Only two items he published are extant. One, A Sermon [on Exod. xx. 13] delivered at Bedford, Mass., by Samuel Stearns on July 1, 1810 after the death of Mr. David Bacon who was shot through the body, June 25 by Mr. William Merriam, relates the details of what was then a notorious homicide case. It then becomes a sort of Murder 101. E.g., murder is more than killing a person, which may occur by accident, in time of war, or in self-defense. There are discussions of suicide and of dueling, the insanity defense, and of intemperance, “not a vice by itself,” but one that leads to vice, crime, via passion, rage, and fury.
The other publication, A Collection of Letters Relative to Foreign Missions; Containing Several of Melvill Horne’s “Letters on Missions,” and Interesting Communications from Foreign Missionaries. Interspersed with Other Tracts, is much more pertinent to my story. It seems ready-made for seminary students.
Horne (c. 1761-1841) was a British Methodist, who went as a missionary to Sierra Leone. The letters implored others to follow his example: “Speak ye desolate shores of Africa; declare ye bloody fields of Indostan; bear your impartial testimony, ye numerous islands of the Western and Pacific oceans!” He decried “the Scarlet Whore with whom the nations of the earth have committed spiritual fornication.” He recommended the formation of “Associations, for collecting money, obtaining information, procuring missionaries…” He addressed the objections, lack of success being “the most fatal [one].” To that, he retorted, “We have not taken proper steps to insure success. We have hardly dared to hope for it.” He said those who become missionaries should expect “to die in the harness,” and if he can’t imagine doing so, “that man has not the soul of a genuine missionary.” Then he issued a kind of dare:: “… men whose minds are of a common cast are unfit for it.”
He was not in favor of married men and fathers as missionaries: “The health, strength, and habits of a mother and her children are to be considered…” He believed that if a missionary wanted a wife, he would be better served to marry a native convert who was already accustomed to the lifestyle and climate of the region.
To the argument that there were plenty of heathens at home to be converted, he declared: “… ministers who go abroad so far from being felt as a loss at home, will be the means of doing more good among us, than if they had continued in England. For foreign Missions will have the same influence on religion, as foreign commerce has upon agriculture and manufactures. As Christianity prevails abroad, so it will flourish at home.”
Difficulties? “The Jesuits surmounted them all. The Moravians have done the same.” To the idea that missionaries would produce a revolt in the African colonies: he asked for an example, claiming he had never heard of one.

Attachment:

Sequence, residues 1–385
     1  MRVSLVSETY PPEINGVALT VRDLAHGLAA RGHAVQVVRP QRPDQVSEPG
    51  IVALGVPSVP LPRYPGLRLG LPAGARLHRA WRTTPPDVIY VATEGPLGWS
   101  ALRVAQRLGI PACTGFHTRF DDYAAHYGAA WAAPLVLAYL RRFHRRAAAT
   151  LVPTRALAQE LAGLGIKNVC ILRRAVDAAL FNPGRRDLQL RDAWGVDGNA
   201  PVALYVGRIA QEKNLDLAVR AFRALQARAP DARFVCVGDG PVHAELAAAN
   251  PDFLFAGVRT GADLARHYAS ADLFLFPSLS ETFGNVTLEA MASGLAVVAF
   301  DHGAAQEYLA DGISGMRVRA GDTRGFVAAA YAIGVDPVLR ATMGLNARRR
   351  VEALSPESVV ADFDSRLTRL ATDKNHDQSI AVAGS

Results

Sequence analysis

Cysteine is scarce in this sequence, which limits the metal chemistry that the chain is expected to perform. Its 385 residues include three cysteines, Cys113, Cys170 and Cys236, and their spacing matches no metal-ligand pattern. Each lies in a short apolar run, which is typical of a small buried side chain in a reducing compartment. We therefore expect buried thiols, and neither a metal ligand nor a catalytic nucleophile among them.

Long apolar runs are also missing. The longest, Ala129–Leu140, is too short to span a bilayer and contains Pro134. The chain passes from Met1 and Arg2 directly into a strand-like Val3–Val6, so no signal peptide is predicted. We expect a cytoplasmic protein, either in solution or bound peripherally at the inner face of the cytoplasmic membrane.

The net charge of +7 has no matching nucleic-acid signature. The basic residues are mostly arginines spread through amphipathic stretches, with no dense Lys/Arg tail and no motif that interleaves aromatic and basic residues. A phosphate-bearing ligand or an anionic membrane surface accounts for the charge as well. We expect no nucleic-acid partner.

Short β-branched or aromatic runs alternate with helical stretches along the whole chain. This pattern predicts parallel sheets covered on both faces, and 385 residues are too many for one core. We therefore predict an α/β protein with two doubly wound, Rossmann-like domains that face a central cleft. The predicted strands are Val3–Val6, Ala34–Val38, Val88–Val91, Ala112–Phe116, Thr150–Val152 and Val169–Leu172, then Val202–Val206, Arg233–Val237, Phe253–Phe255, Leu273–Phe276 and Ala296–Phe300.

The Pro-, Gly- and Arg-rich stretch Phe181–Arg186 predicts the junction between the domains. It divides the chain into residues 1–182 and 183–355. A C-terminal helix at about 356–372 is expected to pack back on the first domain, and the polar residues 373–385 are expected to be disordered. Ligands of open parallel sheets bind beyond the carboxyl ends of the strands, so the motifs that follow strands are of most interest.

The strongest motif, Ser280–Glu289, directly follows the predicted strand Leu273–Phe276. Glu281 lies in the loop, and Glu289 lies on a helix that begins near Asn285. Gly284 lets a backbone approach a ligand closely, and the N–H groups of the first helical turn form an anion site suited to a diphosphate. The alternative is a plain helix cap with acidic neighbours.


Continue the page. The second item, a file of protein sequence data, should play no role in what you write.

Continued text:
He wasn’t optimistic about American converts: “I think the Society would do well to keep their eye towards Africa, or Asia: these countries are not like the wilds of America, where long labor will scarcely collect sixty people to hear the word…” India, by contrast, was an ideal mission, in his opinion, because of the uniformity of the language: “The language of Bengal is spoken over a vast extent of country. The preacher on the coast of Africa, in America, in Greenland, who has learned the language of the Heathen, finds himself confined to a few hundreds or thousands of miserable Pagans; and when he goes beyond the narrow limits of his tribe, or horde, is a barbarian to neighboring nations.” Having once learned Bengal, he “will have more millions to address than the others can find hundreds or thousands.”
Records shows that on May 11, 1811, a son was born to Ware and his Cambridge-born wife in Andover.  So he was still here then, but gone by 1812, when he is known to have worked as a printer in Northampton, Massachusetts. From there, he was called to fight in the War of 1812. By 1813, he was back living in Cambridge at least until 1822.  I could not find a published death date for him.
Emma Forbes Ware, who produced a Ware family genealogy, knew even less about him than we do. Although she recorded his 1810 marriage, her text says that Galen Ware "left home" -- i.e., Framingham, Massachusetts -- "and was never heard from again." 
1. PAA, Warren Fales Draper vertical file, correspondence, retyped, not original ms., J. D. Flagg in a November 14, 1903, letter to Warren F. Draper.
2. A typed copy of a press clipping in a file on "Early Printers" at the Andover Center for History and Culture says that Ware worked out of a one-story building at the corner of Main Street and Chestnut Street. It was the same building that housed the post office, according to the unsigned piece: "Recollections of Old Andover as it was Fifty Years Ago," presumed to be from the Andover Advertiser, dated July 24, 1858.
3. Essex Institute Historical Collections, Vol. 16 (Salem: Printed for the Essex Institute, 1879), 120-121.
4. Email to author from Kevin Wisniewski, American Antiquarian Society, October 30, 2019.
5. Emma Forbes Ware, Ware Genealogy: Robert Ware of Dedham, Massachusetts, 1642-1699, and his lineal descendants (Boston: C.H. Pope, 1901), 21.